We reported a couple of weeks ago that a significant update will be hitting Windows 10 at some point in November. While the original goal was to see it drop very early in the month, it does appear that there will be a delay of a few weeks. Ultimately, that's a good thing - the less buggy, the better.
As mentioned in the earlier post, this upcoming update, called "Threshold 2", isn't going to be a major one. It is, however, going to bring a couple of nice upgrades in one clean package. Even the media creation tool will be receiving an upgrade, although perhaps that means it will simply download Windows 10 Threshold 2 from now on (I hope - that'd make for easy clean installs!)
The next update to hit Windows 10 that could be considered "major" will drop next summer, and is referred to internally as "Redstone", a name inspired by the unique block in Minecraft which allows people to create workable objects.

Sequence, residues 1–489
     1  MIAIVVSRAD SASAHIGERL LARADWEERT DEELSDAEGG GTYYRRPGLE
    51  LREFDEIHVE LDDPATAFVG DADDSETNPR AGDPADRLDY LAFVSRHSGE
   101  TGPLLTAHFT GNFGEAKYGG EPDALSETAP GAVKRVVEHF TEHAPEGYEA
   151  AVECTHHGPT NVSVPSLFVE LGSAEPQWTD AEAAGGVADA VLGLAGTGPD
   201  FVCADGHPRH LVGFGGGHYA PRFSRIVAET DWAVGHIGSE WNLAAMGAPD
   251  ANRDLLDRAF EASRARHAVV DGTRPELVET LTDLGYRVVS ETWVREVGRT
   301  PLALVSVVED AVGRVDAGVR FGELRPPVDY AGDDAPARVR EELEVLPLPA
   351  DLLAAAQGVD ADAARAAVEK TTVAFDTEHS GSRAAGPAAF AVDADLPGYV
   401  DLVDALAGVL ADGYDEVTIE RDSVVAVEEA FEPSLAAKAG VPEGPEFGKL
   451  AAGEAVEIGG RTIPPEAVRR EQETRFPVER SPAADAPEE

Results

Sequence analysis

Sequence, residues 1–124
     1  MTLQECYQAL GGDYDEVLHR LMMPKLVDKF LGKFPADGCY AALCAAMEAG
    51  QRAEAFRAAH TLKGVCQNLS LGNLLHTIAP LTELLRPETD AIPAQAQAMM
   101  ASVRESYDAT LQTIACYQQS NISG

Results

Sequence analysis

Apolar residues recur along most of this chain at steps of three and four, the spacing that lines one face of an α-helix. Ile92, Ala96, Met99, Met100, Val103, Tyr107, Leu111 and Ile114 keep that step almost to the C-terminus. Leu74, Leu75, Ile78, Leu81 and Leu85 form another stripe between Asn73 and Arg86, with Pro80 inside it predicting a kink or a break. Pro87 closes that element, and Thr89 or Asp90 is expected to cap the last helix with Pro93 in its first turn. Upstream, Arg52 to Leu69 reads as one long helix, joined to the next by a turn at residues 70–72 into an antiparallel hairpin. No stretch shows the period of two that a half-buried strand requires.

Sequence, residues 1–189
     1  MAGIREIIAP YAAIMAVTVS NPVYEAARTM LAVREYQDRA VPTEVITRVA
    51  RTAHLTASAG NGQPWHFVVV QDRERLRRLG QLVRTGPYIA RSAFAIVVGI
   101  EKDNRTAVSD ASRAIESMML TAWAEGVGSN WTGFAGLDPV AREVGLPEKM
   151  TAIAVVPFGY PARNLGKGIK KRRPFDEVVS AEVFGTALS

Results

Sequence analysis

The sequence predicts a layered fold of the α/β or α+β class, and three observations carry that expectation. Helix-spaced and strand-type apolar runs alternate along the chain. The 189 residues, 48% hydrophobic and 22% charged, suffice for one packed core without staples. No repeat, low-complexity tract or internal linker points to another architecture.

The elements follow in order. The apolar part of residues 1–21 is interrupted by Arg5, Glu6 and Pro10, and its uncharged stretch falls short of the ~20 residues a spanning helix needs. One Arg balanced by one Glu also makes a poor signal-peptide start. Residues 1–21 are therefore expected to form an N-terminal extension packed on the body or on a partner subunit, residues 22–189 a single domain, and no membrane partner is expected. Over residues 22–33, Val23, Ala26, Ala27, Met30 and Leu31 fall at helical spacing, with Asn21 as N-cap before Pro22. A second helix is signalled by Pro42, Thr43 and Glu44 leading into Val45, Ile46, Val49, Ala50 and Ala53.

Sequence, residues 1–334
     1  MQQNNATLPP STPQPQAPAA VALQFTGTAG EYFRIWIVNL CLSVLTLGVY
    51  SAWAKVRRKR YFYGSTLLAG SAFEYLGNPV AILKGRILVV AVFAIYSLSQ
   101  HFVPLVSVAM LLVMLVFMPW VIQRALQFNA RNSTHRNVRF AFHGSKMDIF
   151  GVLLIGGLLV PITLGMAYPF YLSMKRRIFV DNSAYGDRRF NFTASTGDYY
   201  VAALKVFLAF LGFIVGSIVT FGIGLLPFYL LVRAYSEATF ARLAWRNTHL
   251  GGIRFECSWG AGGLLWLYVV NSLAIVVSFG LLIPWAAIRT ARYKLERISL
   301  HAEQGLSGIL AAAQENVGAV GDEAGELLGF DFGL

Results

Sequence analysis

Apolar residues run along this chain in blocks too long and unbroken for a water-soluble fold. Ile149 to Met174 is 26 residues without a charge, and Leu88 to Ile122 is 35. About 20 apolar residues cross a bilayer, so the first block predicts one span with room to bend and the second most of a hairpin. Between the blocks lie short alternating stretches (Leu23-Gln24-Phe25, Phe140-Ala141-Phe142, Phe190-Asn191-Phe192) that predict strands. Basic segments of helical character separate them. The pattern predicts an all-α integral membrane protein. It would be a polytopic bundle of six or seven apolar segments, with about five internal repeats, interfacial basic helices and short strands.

In Redstone, a major focus is going to be placed on Continuum, allowing apps to work together between mobile and PC better than ever. This is going to heavily mimic Apple's Continuity feature in OS X, but it's a much-needed path to take. Imagine working on an email while mobile and nearly instantly continuing to work on it on the desktop. The same goes for any official Windows 10 application, including Edge.
As we learned just over a week ago, Microsoft is postponing the rollout of extension support in Edge until 2016, and there's a definite possibility that Redstone is where that will make a debut. It's unfortunate, because that's still about six months away. While Microsoft pleads with users to not give up on the browser so quickly, for those who rely on extensions (eg: most of us), there's absolutely no compelling reason to. I think it's safe to say that while Windows 10 is a fantastic release, that one lacking feature of Edge pretty much mars the browser's potential right now.